In trolling my go-to Windows sites this morning, I found news on a Firmware update for the Surface Pro 3 (SP3). Because I have one myself, I jumped into Windows Update to see if I could install same. Nothing doing. But on closer inspection, I saw the updates released yesterday already present on that PC. The two items are Surface-Firmware updates 220.127.116.11 and 3.11.2150.0. The former aims to boost battery life during sleep, while the latter UEFI update improves PXE performance over IPv6. This is documented on the SP3 update history page, with a June 6 release date for those items. But then I checked Update History on my SP3. There, I saw those selfsame items with release dates of 4/27 and 4/28, and an install date of 5/23. That’s when I realized that Surface Pro firmware gets previews, too. Let me explain…
By submitting your personal information, you agree that TechTarget and its partners may contact you regarding relevant content, products and special offers.
It turns out there’s a very good reason why my SP3 shows dates different from the MS general release.
Why Say “Surface Pro Firmware Gets Previews?”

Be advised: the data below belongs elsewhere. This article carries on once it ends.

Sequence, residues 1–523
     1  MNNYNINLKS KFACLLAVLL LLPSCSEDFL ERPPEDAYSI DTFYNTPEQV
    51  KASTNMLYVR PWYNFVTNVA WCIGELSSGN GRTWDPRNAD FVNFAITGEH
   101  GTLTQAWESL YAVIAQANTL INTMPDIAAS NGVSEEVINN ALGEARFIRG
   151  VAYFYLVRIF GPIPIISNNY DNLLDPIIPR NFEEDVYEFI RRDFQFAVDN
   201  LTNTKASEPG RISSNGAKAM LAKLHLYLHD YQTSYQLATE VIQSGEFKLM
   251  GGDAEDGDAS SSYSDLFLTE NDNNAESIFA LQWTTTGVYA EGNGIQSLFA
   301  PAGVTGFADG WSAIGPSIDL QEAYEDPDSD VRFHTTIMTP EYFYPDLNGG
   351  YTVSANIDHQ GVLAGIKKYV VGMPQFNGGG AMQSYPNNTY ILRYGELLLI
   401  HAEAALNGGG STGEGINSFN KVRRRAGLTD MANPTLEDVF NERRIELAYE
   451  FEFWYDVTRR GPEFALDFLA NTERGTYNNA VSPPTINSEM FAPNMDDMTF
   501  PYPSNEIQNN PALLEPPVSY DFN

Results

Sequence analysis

It just so happens that my SP3 is on the Microsoft “Release Preview” update schedule. Thus, it gets new releases that target the Current Branch version of Windows 10 before other PCs on the same branch that stick to the public release schedule. I never realized that Microsoft floated firmware releases on a lookahead schedule in this program, along with more typical security updates, patches, and fixes. But now I know for sure that they do with firmware as they do with other stuff. The proof’s in the dates shown in the preceding screen capture.
I’m not sure why this surprised me. I guess it makes sense to try out new firmware on self-selected beta testers before unleashing it on the general public. It just didn’t occur to me that signing up for the Release Preview program meant my SP3 would see firmware updates in advance of those sent out in general release. Kind of makes me wonder if MS has ever decided not to propagate firmware updates to the general public, based on issues uncovered in the Release Preview program. I’m not sure I’d want to be that kind of guinea pig, but I guess I am already. You’ve been warned!